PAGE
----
Saturday, March 12, 2016


I love when people ask me about GMO and Pesticides. They open a whole can of worms. Debate time!!! Ok. So first, you have to understand there are many different "personal" definitions of GMO. If you want to get really technical from

GMO definition. The abbreviation for genetically modified organism. A GMO is an organism whose genome has been altered by the techniques of genetic engineering so that its DNA contains one or more genes not normally found there.

So what does that mean in simple terms? Well, it means that there is something different about that plant or animal. Lets take the Standard Rex rabbit as an example. A rare (not normally found) DNA trait was found in two rabbits. Ironically, re breeding those same rabbits never reproduced this genetic trait. So, two rabbits exhibited this rare trait. Those two were the basis of the Rex rabbit breed. The trait is a recessive genetic trait causing the guard hairs to be very short. So why isnt the Rex rabbit GMO? Because it wasnt done in a lab. It was naturally occurring. Sweet corn (heirloom varieties) have been selectively bred for years to create the sweet long ears of corn we have now. It was tasteless with very small ears and used as a grain for flour or animal feed until a few were found with a genetic difference and were bred together. They werent done in a lab.

So, under current definition (I recall it used to say genetically altered, but didnt say engineered), GMO is classified as changing of DNA by genetic engineering. So what is that? says:

Full Definition of genetic engineering
: the group of applied techniques of genetics and biotechnology used to cut up and join together genetic material and especially DNA from one or more species of organism and to introduce the result into an organism in order to change one or more of its characteristics

Here it gets to be only my opinions:
Now, here is where it gets tricky. Having had a child with a birth defect I do like the science of genetic engineering. I believe it has a place in our medical society. I believe it could benefit our lives. I also think that if there was a major disease wiping out the worlds veggies or fruits (like the banana crops of the last few years) that genetic engineering would be useful in helping to protect from the crop disease if it was not preventable through other methods. I do not think that genetic modification should be done for convenience. If you want to spray a certain herbicide to kill weeds and that spray is cheap, then lets modify the genetic make up of that crop to withstand the spray. No, I do not agree with that. We have worked hard for 6 years to get all of the GMO canola off our land. Mostly because it interfered with other crops as it could not be sprayed out. As a farmer, there are many many many things at our disposal. I believe they all have their place. There are mechanical means: mowing, pulling up weeds, discing a field, basically mechanical methods of solving your problem. There are chemical methods: herbicides, pesticides, and fire. There are planning methods: rotational grazing, crop rotations, allowing them to become overgrown to smother weeds, heavy seeding to prevent weeds or resting the fields. Science plays a part as the health of the crop depends heavily on the health of the soil. The science wouldnt have been created to help produce better food if it wasnt needed. However, there is a point (and it will be different for everyone) when it goes beyond what is needed to convenience. When you reach that point you risk damaging the whole eco system. For instance. That canola I was talking about. It has cause massive issues in our ditches. Smothering out the natural plant species that could withstand our local environment, causing less food for the wildlife, contamination of heirloom varieties of canola, contamination of farmers fields, this canola honey is solidifying in honey bee hives and causing them to starve, and you can not retain your seed as it is patented. So you spend more money buying new seed every year rather then growing what you already produced. Now, they are bringing in gmo alfalfa, with the same concept as that canola. We have already stopped growing canola all together here. Having dairy animals, I would prefer to not stop growing alfalfa, but it may come to that. For me personally, the risks out weight any possible benefits.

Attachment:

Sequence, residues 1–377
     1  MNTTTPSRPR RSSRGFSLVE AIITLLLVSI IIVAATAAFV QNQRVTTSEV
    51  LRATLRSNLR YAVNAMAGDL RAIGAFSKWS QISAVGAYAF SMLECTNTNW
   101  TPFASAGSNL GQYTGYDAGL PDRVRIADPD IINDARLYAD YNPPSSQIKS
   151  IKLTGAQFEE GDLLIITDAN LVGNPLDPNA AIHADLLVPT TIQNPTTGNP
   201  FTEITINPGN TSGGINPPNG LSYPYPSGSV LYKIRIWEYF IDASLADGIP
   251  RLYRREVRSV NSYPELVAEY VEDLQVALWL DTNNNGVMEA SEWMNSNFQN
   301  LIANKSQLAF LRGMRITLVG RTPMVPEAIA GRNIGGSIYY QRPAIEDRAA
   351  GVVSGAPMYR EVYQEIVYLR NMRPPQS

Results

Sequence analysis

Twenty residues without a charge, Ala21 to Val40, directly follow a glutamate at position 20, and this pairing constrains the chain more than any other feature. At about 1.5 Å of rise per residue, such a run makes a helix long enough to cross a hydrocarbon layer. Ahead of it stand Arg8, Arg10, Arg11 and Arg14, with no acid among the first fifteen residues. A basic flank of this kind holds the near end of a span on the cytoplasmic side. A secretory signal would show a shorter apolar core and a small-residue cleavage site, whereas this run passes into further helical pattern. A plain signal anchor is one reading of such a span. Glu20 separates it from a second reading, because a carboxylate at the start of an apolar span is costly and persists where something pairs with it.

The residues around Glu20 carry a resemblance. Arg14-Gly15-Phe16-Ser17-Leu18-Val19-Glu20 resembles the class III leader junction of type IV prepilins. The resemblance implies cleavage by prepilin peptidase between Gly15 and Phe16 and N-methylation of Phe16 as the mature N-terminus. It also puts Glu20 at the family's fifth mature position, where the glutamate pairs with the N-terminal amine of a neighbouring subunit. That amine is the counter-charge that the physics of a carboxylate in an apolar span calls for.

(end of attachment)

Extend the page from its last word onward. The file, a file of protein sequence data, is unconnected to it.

So what about the sprays? There are herbicides, insecticides, and fungicides that are commonly used around here. I have not used fungicides and do not use fungicide treated seeds. Insecticides I have not used in the crops. I have used it in my greenhouse when no matter how many times I washed the leaves or used tape to remove the aphides or used DE on the plants and I still have enough of them they are damaging my plants. I believe that their is a use for each spray, but using them only when needed and using them only where needed I think has been lost. I have mowed down and disced up a field due to weeds rather then spray it. It is not something I can afford to do every year. If the costs of spraying the field outweigh the money I would make harvesting that field, then I will disc it. Your choice of spraying or not should not be taken lightly. I am not going to get into the different sprays and everything that they cause to the human body. I am only going to say, I rather not do it if I do not absolutely have to. I rather mow an area then spray a field. Or better yet, burn it to return all that nutrients to the soil faster.

In short, everything has it's place. It is when we do things because it is easier, not better, that it becomes a problem.